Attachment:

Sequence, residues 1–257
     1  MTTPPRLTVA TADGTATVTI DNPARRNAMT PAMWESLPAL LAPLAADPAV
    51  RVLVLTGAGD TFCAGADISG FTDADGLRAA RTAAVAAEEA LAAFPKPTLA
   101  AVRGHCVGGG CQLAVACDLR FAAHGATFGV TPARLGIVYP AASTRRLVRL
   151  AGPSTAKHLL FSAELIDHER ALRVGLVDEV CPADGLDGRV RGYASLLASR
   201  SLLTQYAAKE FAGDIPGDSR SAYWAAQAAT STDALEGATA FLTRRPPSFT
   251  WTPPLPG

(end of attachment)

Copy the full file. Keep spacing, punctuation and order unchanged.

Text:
Sequence, residues 1–257
     1  MTTPPRLTVA TADGTATVTI DNPARRNAMT PAMWESLPAL LAPLAADPAV
    51  RVLVLTGAGD TFCAGADISG FTDADGLRAA RTAAVAAEEA LAAFPKPTLA
   101  AVRGHCVGGG CQLAVACDLR FAAHGATFGV TPARLGIVYP AASTRRLVRL
   151  AGPSTAKHLL FSAELIDHER ALRVGLVDEV CPADGLDGRV RGYASLLASR
   201  SLLTQYAAKE FAGDIPGDSR SAYWAAQAAT STDALEGATA FLTRRPPSFT
   251  WTPPLPG